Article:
Pandemic-era Mobile World Congress tech fair kicks off
BARCELONA, Spain (AP) — A major wireless technology trade fair kicked off in Barcelona on Monday with scaled-back attendance and beefed-up health and safety measures, changes that reflect the new reality for industry conventions in the pandemic era.
Mobile World Congress was canceled at the last minute last year because of COVID-19 concerns. Its 2021 revival makes it one of the few big trade shows so far to attempt a comeback even as the coronavirus pandemic continues to simmer in many parts of the world.
The show, known as MWC, is typically a glitzy and well-attended affair, with tech and telecom companies setting up elaborate pavilions to unveil the latest mobile devices, schmooze clients and lobby government officials. But this year, the world's biggest mobile industry trade show is likely to be a shadow of its former self.
“Obviously, there is a huge difference from previous years. This show is going to be much smaller, much safer from a health and safety perspective,” said Mats Granryd, director general of GSM Association, which organizes the show and represents more than 750 mobile network operators.
“We’re taking a lot of precautions: Testing people regularly within 72 hours, no hands, everything is touchless."
Still, companies like Ericsson, Nokia, Intel, Sony and Qualcomm are staying away while South Korea's Samsung, the world's biggest mobile phone maker, is only holding a virtual device launch. Chinese tech giant Huawei, a major sponsor, is one the few big names that will have a show stand.
Granryd said he's expecting 25,000 to 30,000 people from 143 countries to attend in person, a fraction of the more than 100,000 visitors from 200 countries in recent years.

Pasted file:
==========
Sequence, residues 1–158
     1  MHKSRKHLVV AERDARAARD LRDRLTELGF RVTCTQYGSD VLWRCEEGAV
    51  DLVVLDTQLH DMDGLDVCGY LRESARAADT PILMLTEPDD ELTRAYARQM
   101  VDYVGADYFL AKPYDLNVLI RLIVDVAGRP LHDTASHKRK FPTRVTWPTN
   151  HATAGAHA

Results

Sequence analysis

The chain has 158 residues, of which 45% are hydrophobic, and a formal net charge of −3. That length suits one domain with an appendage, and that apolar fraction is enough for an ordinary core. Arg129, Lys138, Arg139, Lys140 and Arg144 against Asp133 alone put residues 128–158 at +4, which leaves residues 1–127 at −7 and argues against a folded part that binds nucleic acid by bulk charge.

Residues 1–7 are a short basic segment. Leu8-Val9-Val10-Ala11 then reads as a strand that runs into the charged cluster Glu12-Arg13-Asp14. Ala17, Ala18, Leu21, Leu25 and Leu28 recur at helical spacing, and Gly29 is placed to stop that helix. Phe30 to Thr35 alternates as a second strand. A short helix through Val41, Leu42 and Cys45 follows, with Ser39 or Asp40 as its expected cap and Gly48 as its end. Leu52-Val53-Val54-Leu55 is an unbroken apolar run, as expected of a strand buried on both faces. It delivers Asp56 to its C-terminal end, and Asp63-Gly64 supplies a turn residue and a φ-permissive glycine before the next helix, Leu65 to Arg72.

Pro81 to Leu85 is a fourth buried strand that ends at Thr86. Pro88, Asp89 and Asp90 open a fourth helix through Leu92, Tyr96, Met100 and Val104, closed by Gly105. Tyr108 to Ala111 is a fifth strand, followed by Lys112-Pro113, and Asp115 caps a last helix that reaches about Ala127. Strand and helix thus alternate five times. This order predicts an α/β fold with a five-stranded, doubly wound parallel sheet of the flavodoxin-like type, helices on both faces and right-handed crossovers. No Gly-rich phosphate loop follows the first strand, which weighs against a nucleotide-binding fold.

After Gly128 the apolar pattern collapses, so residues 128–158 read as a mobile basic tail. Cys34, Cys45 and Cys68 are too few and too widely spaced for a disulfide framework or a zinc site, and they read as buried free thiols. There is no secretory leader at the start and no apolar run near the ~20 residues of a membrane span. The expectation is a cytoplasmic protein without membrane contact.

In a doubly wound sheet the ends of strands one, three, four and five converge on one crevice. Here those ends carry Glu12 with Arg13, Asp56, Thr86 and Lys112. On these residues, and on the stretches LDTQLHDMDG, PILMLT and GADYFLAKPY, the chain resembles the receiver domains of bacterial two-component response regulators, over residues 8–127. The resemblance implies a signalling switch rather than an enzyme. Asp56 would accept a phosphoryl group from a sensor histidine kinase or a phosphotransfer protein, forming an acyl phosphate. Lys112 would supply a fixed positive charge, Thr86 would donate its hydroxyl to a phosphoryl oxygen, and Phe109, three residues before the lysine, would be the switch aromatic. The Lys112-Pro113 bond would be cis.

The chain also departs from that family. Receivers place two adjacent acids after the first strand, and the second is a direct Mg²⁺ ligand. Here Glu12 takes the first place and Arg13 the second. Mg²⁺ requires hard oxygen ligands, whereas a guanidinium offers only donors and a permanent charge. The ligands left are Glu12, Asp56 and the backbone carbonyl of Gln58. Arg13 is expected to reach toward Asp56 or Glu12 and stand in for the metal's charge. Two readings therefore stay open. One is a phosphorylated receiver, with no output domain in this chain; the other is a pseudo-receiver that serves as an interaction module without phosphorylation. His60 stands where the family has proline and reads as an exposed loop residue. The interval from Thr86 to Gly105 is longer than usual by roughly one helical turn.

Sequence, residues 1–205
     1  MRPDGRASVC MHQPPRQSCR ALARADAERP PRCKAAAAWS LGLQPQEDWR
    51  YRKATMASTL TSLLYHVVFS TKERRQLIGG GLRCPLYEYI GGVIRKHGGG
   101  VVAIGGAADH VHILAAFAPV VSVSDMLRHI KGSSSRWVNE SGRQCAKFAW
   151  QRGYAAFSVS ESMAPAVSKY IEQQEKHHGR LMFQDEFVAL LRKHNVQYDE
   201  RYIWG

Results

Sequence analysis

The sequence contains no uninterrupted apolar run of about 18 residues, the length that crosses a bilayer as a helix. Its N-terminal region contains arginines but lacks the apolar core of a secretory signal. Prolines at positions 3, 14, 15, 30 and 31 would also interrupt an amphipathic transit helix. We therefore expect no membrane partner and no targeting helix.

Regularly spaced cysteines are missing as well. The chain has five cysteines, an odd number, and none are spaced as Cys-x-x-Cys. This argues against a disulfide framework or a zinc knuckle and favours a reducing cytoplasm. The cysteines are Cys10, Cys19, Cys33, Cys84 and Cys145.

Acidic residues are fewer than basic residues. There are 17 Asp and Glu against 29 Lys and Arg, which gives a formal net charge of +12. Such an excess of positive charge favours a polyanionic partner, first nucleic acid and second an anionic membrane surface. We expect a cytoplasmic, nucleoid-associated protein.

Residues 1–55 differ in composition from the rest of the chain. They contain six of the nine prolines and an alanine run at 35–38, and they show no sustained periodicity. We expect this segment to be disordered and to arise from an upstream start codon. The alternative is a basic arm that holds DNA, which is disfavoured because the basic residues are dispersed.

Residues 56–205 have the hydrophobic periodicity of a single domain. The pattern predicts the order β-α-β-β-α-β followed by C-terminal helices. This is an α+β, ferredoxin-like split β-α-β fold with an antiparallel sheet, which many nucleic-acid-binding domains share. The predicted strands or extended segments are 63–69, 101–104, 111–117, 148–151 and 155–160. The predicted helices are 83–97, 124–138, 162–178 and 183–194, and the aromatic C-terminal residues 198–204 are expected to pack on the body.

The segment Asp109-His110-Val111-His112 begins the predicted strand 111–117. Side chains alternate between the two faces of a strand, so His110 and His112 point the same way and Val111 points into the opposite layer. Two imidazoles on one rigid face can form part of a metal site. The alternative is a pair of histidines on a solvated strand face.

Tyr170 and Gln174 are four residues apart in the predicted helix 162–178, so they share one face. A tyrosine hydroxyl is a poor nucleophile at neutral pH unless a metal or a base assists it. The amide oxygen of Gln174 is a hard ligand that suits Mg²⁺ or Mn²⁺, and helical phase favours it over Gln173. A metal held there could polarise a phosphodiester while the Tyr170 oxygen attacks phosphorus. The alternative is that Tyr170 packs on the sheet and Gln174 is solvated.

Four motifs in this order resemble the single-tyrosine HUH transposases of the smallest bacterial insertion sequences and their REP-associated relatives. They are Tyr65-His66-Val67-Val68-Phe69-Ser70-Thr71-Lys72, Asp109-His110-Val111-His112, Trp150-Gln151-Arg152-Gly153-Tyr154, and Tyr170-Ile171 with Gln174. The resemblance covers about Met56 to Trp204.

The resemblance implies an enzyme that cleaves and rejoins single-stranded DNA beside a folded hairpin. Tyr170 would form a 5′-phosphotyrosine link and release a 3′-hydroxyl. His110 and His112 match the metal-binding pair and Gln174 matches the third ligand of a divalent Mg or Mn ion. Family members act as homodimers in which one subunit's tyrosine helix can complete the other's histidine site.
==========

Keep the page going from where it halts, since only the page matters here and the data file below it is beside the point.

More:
Other visitors will be attending virtually, as will a third of the show’s 350 speakers, including Tesla CEO Elon Musk.
At Barcelona’s Fira Gran Via exhibition centre, visitors had their temperatures checked by staff at the entrance. Other safety features include COVID-19 testing, extra ventilation and one-way routes around the venue. Attendees use an official MWC app to flash the negative test result needed to get in.
“My first impression is that I am very happy to be back,” said Lionel Anciaux, CEO of Brussels-based smart sensor company IOT Factory. Anciaux said he usually attends every year, “and last year without Mobile World Congress we really felt that we missed something in terms of finding new partners and also getting to know the new trends in technology.”
The GSMA delayed the show from its usual February slot to buy time in the hope the pandemic would be under control by now. Granryd said they plan to move it back to February for 2022.
To help make the four-day show happen, Spanish authorities agreed to exempt exhibitors, attendees, sponsors and partners from travel restrictions that might otherwise prevent them from entering the country.
Spain eased COVID-19 restrictions on Saturday by scrapping a requirement to wear face masks outdoors, as long as people remain at least 1.5 meters (5 feet) apart. Masks remain mandatory indoors in public places and on public transport.
Barcelona has hosted MWC since 2006 and last year's cancellation dealt a major economic blow to the city, with lost revenue for hotels, restaurants and taxi companies.
Authorities estimate the show typically generates 473 million euros ($516 million) and more than 14,000 part-time jobs for the local economy.
Other big tech industry trade fairs disrupted by the pandemic are planning to return in force, including Berlin's IFA in September, Lisbon's WebSummit set for November and CES in Las Vegas in January.
Chan reported from London.